Amazon – Fahrenheit 451
GoodReads – Fahrenheit 451
Author – Ray Bradbury
Guy Montag is a fireman. His job is to burn books, which are forbidden, being the source of all discord and unhappiness. Even so, Montag is unhappy; there is discord in his marriage. Are books hidden in his house? The Mechanical Hound of the Fire Department, armed with a lethal hypodermic, escorted by helicopters, is ready to track down those dissidents who defy society to preserve and read books. – Goodreads Synopsis
Fahrenheit 451 was one of the first books I’ve read that really got through to me. Picture
that greasy, angsty, and unfocused teenager sitting in the back of the class daydreaming. Well… that was me. Now I’ve always loved reading (even school assigned reading like this one was), and it has always played a special part in my life, I just never had that intellectual smack in the face until I experienced Fahrenheit 451. (Maybe that’s not 100% true)
I put Fahrenheit 451 right at the top of the list of dystopian novels – right beside Brave New World. (Sorry but I’m not part of the crew that thinks 1984 is the best) The dystopia where people are just not interested in reading and enslaved by media just seems so much more appealing to me. (Not saying I want it, I just enjoy reading it more) I mean what is scarier than a world with no books! A world where we care more about senseless media viewing! This is like our worst nightmare here in the book blogging community!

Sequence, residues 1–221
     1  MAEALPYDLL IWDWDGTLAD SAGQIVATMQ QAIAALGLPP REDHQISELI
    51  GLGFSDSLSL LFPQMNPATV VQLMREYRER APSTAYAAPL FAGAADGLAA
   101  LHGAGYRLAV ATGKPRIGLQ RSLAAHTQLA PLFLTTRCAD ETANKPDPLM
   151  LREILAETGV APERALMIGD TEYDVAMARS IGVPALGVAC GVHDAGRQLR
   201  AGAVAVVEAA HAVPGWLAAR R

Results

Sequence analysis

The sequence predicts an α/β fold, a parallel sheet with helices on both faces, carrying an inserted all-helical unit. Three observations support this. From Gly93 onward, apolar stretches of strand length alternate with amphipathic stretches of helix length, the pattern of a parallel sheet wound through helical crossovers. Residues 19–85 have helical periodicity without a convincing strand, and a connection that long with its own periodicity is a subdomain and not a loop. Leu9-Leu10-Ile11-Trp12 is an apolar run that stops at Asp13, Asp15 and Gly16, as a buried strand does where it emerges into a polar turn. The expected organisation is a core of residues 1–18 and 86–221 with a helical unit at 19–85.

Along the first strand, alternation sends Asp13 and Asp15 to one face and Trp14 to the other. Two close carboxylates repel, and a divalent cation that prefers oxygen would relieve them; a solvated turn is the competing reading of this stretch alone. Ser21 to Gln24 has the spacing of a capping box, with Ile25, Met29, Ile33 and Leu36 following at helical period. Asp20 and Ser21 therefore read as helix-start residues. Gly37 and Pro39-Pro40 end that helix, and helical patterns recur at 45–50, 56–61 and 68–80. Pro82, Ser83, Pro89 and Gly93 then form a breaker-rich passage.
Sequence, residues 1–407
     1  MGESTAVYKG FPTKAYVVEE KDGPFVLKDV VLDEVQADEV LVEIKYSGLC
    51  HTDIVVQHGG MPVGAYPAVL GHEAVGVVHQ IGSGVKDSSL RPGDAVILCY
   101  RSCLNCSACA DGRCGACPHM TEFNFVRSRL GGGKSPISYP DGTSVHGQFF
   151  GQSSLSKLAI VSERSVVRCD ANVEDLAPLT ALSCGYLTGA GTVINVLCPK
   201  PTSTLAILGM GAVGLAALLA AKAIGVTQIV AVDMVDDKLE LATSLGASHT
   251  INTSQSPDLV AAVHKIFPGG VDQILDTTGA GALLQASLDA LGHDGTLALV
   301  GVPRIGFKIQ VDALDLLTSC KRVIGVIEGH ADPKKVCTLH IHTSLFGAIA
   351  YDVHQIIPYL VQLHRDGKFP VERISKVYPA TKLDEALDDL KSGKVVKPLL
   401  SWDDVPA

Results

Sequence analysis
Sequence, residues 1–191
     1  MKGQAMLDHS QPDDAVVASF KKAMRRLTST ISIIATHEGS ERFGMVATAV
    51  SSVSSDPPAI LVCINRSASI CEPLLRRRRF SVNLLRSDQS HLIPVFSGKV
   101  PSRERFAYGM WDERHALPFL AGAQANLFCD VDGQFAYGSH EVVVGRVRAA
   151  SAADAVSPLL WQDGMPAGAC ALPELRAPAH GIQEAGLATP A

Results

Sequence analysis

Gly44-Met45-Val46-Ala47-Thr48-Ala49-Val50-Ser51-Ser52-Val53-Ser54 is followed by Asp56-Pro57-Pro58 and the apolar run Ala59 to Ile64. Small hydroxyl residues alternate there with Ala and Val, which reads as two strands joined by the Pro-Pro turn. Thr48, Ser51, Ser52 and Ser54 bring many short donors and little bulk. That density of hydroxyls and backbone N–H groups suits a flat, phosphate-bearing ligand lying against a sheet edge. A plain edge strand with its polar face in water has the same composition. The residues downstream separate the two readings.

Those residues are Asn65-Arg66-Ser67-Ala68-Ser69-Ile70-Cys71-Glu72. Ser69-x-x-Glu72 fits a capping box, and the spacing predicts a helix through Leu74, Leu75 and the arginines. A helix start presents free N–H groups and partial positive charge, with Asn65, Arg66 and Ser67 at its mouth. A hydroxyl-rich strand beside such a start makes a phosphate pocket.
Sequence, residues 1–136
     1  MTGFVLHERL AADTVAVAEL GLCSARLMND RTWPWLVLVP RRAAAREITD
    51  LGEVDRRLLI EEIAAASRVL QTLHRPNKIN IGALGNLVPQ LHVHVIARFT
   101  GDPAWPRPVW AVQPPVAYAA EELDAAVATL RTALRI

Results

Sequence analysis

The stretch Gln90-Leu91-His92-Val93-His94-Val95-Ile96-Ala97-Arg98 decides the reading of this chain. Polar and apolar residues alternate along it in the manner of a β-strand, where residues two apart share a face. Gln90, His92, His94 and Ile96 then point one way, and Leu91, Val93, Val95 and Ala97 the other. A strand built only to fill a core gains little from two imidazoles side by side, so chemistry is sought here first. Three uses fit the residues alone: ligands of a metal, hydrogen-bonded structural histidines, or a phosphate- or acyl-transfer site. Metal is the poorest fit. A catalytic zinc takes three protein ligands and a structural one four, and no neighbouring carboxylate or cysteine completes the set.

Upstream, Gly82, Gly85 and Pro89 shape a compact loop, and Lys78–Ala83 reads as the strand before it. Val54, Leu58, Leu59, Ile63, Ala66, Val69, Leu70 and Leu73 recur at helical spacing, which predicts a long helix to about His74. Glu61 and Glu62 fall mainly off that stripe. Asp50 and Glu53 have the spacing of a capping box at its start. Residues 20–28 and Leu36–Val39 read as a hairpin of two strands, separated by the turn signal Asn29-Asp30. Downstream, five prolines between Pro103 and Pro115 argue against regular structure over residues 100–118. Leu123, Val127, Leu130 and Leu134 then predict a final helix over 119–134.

Ok let’s get back to how it got back through to me. (OK yeah let’s put a cool headline here to make the post look more professional)
How Fahrenheit 451 Made an Everlasting Impact on Me
(Yeah that’s sweet)
The main protagonist, Guy Montage, just goes along with whatever is happening. He starts to realize “Hey what the hell am I doing anyways. Maybe books are cool?” Montage just wants to find himself, and what better to help him do that, but through the means that his current job is to incinerate. (Who would look for meaning in books?!) A part of how Fahrenheit 451 impacted me so much, is how I see myself in Montage’s character. I mean there is a reason why this is on most school reading lists. Who hasn’t had a period where they feel like Montage?
I see myself in Montage, but who was really the star for me, was his boss – Captain Beatty. Beatty’s mentor-like demeanor through the whole story really got to me. I needed to hear some of the things he had to say, and I still think about them all of these years later. I need to paste this quote here from during his speech to Montage: